John McKeithen, a linebacker of a man whose vision was completed with the construction of the Poydras Street palace, weeps from his grave over this appalling trend against LSU’s most despised rival. The former governor has been turning in his tomb at Columbia, LA for more than seven of the 20 years since he interred at Hogan Plantation. It is time to provide Big John some rest and peace.
It has been 90 long months since 1-9-12 when the repugnant skid started against the Crimson dynasty with Purple and Gold patrons seeing Red as LSU pretends there are eight games of comparable importance before its Nov. 9 battle at Bryant-Denny.
LSU’s record against Alabama since 1999 is a respectable 9-11. Once upon a time, the Tigers owned a 9-3 mark against Bama in the 21st Century.
Here are the records of the last three LSU coaches against the Tide.
Ed Orgeron 0-3 2016-18
Les Miles 5-7 2005-15
Nick Saban 4-1 2000-04
And here is the 21st Century record for LSU vs. Alabama by location.
New Orleans 0-1
Baton Rouge 4-6
The Tigers prevailed at Bryant-Denny in 2001 and 2003 under Saban and in 2005, 2007 and 2011 under Miles. LSU usually plays Alabama better on the road than at Death Valley where Bama was undefeated between 1969 and 2000.
Here is how Alabama coaches have fared vs. LSU from 2000-18.
Nick Saban 10-3 2007-18
Mike Shula 0-4 2003-06
Dennis Franchione 1-1 2001-02
Mike Dubose 0-1 2000
Saban is 14-4 overall in the series with five more victories than LSU has totaled and three more than Alabama has captured in the same period. Obviously, the name of the coach makes a huge difference when this matchup is assessed.
The weight of the Tiger Kingdom is on the back of Ed Orgeron as he strives to join Saban, Miles and Dennis Franchione as the only coaches to win in the LSU-Alabama series in the current century. A victory at Alabama this year is paramount, or Orgeron could face the prospect for a death march back to Baton Rouge.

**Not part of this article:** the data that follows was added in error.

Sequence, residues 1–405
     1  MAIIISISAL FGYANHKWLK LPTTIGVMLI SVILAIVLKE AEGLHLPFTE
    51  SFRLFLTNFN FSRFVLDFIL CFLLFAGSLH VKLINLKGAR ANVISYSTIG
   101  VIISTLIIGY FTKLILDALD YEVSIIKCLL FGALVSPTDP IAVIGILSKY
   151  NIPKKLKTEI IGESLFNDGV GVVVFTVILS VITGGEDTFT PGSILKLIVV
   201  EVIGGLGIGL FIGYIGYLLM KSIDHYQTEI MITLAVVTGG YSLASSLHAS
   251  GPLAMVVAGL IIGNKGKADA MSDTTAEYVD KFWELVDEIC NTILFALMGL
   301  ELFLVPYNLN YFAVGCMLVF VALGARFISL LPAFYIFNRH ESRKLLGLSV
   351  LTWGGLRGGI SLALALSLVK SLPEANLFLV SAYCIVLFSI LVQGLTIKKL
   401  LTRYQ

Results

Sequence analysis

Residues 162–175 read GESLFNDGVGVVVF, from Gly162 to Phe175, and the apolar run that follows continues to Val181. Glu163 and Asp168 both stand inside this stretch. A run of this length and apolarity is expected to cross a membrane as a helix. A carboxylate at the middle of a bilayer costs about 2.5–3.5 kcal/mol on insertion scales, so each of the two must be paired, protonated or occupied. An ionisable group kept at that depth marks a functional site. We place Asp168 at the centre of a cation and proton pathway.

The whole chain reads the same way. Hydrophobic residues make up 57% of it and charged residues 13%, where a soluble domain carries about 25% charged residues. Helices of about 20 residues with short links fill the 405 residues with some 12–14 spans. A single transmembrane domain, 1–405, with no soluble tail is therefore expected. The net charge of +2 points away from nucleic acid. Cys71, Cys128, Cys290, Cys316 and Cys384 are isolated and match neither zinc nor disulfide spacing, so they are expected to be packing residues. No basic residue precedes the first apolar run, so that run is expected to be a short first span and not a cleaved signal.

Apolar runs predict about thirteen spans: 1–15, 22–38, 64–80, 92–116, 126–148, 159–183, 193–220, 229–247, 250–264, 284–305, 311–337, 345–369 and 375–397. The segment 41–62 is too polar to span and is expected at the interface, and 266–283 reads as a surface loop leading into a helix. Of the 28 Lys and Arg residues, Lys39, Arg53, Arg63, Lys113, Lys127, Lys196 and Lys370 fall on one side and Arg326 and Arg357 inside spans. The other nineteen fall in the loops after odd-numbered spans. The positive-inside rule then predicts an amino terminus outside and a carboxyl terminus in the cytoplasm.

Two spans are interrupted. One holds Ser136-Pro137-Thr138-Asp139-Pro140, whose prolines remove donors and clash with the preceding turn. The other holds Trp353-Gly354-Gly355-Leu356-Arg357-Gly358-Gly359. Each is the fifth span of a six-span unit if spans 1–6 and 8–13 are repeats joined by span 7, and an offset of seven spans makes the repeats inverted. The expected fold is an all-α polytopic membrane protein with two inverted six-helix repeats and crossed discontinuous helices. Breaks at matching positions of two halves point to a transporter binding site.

Bama for LSU is bigger than Army is to Navy and vice versa.
Many Tiger fans would rather live through a 1-11 season with the one win against Saban rather than post an 11-1 record with another defeat to the diabolical genius who stands 5-foot-6 while reigning over the SEC like Napoleon over Europe before that little big man’s June 18, 1815 comeuppance at Waterloo.
Alabama is adjusting after losing the championship to Clemson by 28 points. Soon we will learn if Saban, who will be 68 when he coaches against LSU, has regained the touch of King Midas. Some observers are betting on Nov. 9 as the date for the Saban mythology to be trampled by troops from the Bayou led by 58-year-old Edward Jim Orgeron.
Coach O is about ten years younger than his decorated counterpart, and the brink of a new decade is a pivotal moment for the LSU coach in the same way a 48-year-old journeyman converted a program with eight losing seasons in eleven years into a national champion four years after his arrival in Louisiana.
When Nick Saban briskly rolled into campus on a memorable morning 20 Novembers ago, LSU had not defeated Alabama at Tiger Stadium in more than three decades. Saban was promoted from coach to king when the Tigers scored a 30-28 triumph over the Tide on Nov. 4, 2000 at Death Valley.
LSU is primed for eight preliminary dates before the main event in Tuscaloosa where Saban will either cement his rule over his former kingdom or surrender his crown to a Cajun prince. Orgeron is poised to puncture his predecessor’s aura of invincibility and knows the score if he fails.